Session Title

The Multivalent Voice: Interdisciplinary Approaches to Gender, Speech, and Performance in Medieval France (A Roundtable)

Sponsoring Organization(s)

Special Session

Organizer Name

Rachel May Golden; Katherine Kong

Organizer Affiliation

Univ. of Tennessee-Knoxville; Independent Scholar

Presider Name

Katherine Kong

Paper Title 1

Language Socialization and Medieval Motherese

Presenter 1 Name

Julie Singer

Presenter 1 Affiliation

Washington Univ. in St. Louis

Paper Title 2

Voice and Violence in "Farai un vers, pos mi sonelh" (PC 183, 12)

Presenter 2 Name

Tamara Bentley Caudill

Presenter 2 Affiliation

Jacksonville Univ.

Paper Title 3

Methods and Implications for Uncovering the Masculine Voice in Medieval Crusade Preaching

Presenter 3 Name

Lydia M. Walker

Presenter 3 Affiliation

Pontifical Institute of Mediaeval Studies

Paper Title 4

"La rana e·l rossinhols": Interactions between Human and Animal Voices in Troubadour Song

Presenter 4 Name

Anne Levitsky

Presenter 4 Affiliation

Columbia Univ.

Paper Title 5

Speech, Voice, and Gender in a Medieval Liturgical Office

Presenter 5 Name

James J. Blasina

Presenter 5 Affiliation

Swarthmore College

Paper Title 6

The Witch's Voice in Roman de Perceforest: Between Forensics and Fiction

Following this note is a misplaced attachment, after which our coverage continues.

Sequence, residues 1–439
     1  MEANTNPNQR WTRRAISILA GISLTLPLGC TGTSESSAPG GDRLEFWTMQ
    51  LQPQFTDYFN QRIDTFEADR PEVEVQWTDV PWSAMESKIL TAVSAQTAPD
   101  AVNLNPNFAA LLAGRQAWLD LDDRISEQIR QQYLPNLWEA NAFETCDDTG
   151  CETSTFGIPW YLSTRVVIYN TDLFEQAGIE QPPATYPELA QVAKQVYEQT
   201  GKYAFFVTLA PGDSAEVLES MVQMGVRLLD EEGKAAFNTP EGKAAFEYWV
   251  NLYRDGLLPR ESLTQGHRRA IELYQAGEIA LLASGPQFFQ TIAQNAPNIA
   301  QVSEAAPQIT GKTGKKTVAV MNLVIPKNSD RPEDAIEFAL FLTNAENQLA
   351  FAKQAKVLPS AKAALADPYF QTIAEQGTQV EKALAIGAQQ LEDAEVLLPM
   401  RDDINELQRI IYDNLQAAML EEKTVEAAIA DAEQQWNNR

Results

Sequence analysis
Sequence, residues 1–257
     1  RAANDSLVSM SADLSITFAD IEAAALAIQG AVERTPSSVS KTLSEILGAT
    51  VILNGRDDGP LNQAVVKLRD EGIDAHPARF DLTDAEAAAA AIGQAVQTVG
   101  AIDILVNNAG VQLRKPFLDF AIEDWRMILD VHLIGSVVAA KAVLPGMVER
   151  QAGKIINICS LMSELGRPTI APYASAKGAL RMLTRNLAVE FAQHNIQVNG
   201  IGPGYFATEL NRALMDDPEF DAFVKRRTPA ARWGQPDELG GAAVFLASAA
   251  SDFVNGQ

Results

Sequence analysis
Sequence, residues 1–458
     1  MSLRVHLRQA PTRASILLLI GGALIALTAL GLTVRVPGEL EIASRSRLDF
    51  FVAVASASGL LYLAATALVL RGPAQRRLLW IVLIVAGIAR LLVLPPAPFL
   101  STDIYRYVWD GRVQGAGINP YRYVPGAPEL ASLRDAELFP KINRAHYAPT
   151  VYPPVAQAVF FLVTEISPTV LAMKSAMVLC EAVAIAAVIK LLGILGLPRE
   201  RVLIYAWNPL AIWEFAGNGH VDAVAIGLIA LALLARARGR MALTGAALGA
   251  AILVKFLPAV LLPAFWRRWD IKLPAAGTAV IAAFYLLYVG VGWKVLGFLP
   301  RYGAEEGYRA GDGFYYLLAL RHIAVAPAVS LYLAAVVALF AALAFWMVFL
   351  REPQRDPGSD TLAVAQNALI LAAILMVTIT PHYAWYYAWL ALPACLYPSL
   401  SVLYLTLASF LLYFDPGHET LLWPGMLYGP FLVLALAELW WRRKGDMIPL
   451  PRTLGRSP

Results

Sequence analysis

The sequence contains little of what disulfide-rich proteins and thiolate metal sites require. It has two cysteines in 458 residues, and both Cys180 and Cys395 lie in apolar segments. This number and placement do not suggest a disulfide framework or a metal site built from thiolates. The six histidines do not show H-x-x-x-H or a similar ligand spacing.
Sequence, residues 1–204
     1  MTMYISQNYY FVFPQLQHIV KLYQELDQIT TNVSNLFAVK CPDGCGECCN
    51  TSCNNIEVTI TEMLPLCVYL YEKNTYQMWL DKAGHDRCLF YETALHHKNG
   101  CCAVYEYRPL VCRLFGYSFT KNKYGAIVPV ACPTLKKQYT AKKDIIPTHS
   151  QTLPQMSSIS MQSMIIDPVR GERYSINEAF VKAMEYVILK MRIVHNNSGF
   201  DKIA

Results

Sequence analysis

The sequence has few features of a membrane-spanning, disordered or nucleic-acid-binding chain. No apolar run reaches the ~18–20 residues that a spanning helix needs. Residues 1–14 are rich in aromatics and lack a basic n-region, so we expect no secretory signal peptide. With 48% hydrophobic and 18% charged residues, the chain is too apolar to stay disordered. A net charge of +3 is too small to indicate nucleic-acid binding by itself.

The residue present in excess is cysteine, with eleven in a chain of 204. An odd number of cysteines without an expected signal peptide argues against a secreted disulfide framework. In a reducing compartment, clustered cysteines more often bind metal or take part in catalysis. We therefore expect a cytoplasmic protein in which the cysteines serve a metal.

Presenter 6 Name

Andreea Marculescu

Presenter 6 Affiliation

Univ. of Oklahoma

Start Date

7-5-2020 3:30 PM

Session Location

Schneider 1360

Description

This interdisciplinary roundtable features brief presentations and discussion of contemporary approaches, frameworks, and methodologies for analyzing voice as a gendered and performed phenomenon in medieval French and Occitanian texts and songs. As medieval French texts were often voiced--that is, either read or sung aloud--voice is a central rubric for understanding the performance, reception, and interpretation of textual and musical works across varied genres. Drawing on contemporary scholarly dialogues, we investigate here strategies for uncovering the multivalent ways that such voices have been constructed, performed, and sounded, as we seek to understand their resonances both in the Middle Ages and today. This roundtable continues an ongoing series of sessions on Gender & Voice in Medieval France at Kalamazoo over the course of several years. (Rachel May Golden & Katherine Kong)

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May 7th, 3:30 PM

The Multivalent Voice: Interdisciplinary Approaches to Gender, Speech, and Performance in Medieval France (A Roundtable)

Schneider 1360

This interdisciplinary roundtable features brief presentations and discussion of contemporary approaches, frameworks, and methodologies for analyzing voice as a gendered and performed phenomenon in medieval French and Occitanian texts and songs. As medieval French texts were often voiced--that is, either read or sung aloud--voice is a central rubric for understanding the performance, reception, and interpretation of textual and musical works across varied genres. Drawing on contemporary scholarly dialogues, we investigate here strategies for uncovering the multivalent ways that such voices have been constructed, performed, and sounded, as we seek to understand their resonances both in the Middle Ages and today. This roundtable continues an ongoing series of sessions on Gender & Voice in Medieval France at Kalamazoo over the course of several years. (Rachel May Golden & Katherine Kong)